I read the two books of this series out of order. First I read The Road Home, which is actually the sequel to this book, Dalva. Perhaps it is just because I got tired of Harrison's dense style, but I liked this book less than the other. The author's main technique is the use of remarkably fleshed-out interior monologues that move back and forth between a character's memories and current activities. Sometimes the monologues can get ponderous, as in Dalva's deleriums near the end of the book; I found myself skipping some. Positives: The story of the original Northridge is absolutely fascinating. I wish there was more of that, espeially about the Ghost Dance and Wounded Knee. I love the characters of the old horseman Lundquist and his daughter Frieda, and I was strongly drawn to the warm character of Naomi. Another great strength of this book is the way the author portrays animals--they become interesting characters without being anthropomorphized.Negatives: Could not stand the character of Michael. I don't see any purpose to him being in the novel, other than perhaps as a vehicle to tell the story of the first Northridge. Michael is weak and contemptible, and there is absolutely no reason for Dalva to like him or trust him with her family's diaries the way she does.I also did not warm up to the character of Paul, he seemed prissy and full of himself. Which brings me to the main character. I partially agree with the reviewer who said Dalva is more of a man's idea of an ideal strong woman than a woman's idea, but then I also read several reviews from women who said they wished they could be more like her. So I guess she also could be viewed as a woman's ideal of a strong woman. In any case, I found her believable and likeable, although as I said above, could not understand why she had taken up with Michael. I was glad when she got together with the cowboy Sam Creekmouth by the end of the book. You go, Dalva!

Read this book for Book Club and it was my first Jim Harrison. It reads and feels like a classic already.There's some real crackles of brilliant writing, strong character description, imaginative family history intermixed with historical US v native Indian narrative. The plot structure is such that there's three parts to the novel and the first two are from the perspective of the title character with the middle from her main male antagonist (which itself is interspersed with journal entries from an old family patriarch). Some exchanges are witty, smart, funny, illustrative wordplay, but others are without stakes and the pace gets muddled in overwrought imagery and introspection that drags for times.I'm glad to have read it and lived in that world (really 2-3 worlds) for awhile, but it wasn't compelling enough for me to want to reread or recommend it.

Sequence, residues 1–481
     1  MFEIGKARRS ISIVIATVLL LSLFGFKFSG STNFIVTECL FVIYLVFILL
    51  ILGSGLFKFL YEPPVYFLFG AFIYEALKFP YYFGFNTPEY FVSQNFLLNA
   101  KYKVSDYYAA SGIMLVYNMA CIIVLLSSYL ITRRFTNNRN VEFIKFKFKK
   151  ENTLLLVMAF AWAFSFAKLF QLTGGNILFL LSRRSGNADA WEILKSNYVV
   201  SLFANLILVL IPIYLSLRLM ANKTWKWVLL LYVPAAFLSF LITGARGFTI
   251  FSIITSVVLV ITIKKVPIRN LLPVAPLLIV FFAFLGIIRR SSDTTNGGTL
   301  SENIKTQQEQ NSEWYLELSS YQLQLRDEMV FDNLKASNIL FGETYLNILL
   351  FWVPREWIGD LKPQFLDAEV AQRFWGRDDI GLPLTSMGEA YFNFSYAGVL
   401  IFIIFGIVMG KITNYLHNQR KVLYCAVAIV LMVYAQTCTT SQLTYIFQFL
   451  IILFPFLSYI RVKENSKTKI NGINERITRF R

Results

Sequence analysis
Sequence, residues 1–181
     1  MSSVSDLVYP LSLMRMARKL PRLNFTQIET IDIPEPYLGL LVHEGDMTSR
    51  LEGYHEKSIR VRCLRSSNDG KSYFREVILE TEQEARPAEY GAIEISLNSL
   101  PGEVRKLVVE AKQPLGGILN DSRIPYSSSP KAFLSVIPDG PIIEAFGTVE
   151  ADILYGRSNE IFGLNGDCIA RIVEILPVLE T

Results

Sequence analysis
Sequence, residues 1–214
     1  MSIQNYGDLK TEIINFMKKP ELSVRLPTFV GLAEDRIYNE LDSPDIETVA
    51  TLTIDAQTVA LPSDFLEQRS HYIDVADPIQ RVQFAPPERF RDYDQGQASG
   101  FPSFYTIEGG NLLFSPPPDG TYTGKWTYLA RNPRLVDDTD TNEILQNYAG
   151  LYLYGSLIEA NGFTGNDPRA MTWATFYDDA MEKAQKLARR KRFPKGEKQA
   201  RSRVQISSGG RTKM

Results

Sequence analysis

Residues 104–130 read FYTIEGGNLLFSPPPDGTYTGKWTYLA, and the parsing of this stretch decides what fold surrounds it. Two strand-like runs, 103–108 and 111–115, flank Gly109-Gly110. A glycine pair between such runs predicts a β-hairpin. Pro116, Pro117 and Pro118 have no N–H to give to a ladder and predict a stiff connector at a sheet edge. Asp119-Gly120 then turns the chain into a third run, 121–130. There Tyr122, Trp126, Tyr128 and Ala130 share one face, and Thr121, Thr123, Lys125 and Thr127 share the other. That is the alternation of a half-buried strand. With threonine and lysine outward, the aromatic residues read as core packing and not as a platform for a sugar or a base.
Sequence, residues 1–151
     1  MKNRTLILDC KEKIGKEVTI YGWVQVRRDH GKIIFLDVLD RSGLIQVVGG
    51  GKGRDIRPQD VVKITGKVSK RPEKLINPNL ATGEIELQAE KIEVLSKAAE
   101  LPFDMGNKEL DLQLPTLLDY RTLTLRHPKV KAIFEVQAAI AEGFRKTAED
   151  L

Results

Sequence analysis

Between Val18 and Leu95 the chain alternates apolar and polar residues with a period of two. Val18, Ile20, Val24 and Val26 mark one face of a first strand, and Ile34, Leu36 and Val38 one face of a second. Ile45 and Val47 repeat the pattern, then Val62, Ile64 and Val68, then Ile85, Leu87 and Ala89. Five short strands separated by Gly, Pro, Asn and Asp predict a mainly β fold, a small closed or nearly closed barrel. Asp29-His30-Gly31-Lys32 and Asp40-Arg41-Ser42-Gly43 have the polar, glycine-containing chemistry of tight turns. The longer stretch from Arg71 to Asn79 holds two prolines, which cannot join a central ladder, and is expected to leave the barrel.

—Peter Knox

Jim Harrison has joined the ranks of Wallace Stegner and Larry McMurtry as among my very favorite of the authors that write about the western US and it's history. It is another of those books that was such a profound experience reading, that I want to have time to just sit with it before I begin examining it and taking apart the three generational story it tells. There are a lot of layers packed in here. The one aspect I will comment on is the voice and character of Dalva. I always find it brave when men choose to write through a female narrator. There are a surprising number who do it quite well, Wally Lamb comes to mind. My first impression of Dalva was that much like the male heroes of the romance novels, he has created a female counterpart, a woman most men would desire and feel quite comfortable with, in other words, a bit of a male fantasy. She is more masculine in her actions and reactions than any woman I have known. I can honestly say I have never met a woman like her, but I also realized early on that in many ways I would like to be more like her. The whole family is quirky in a way that is intriguing without silliness or false notes. She became more believable and much more three dimensional as I learned more about her. Though she has close and loving relationships with her mother and sister, she is a woman whose life has been primarily affected and shaped by the men she encounters and the environment they live in, her father who dies young, her lover Duane, her lost son, her adoring grandfather and her uncle Paul who serves as surrogate father. She is molded and haunted by them all.So for now, I will just savour this beautiful book and indulge in the sequel. I can't wait to read more of this man's work.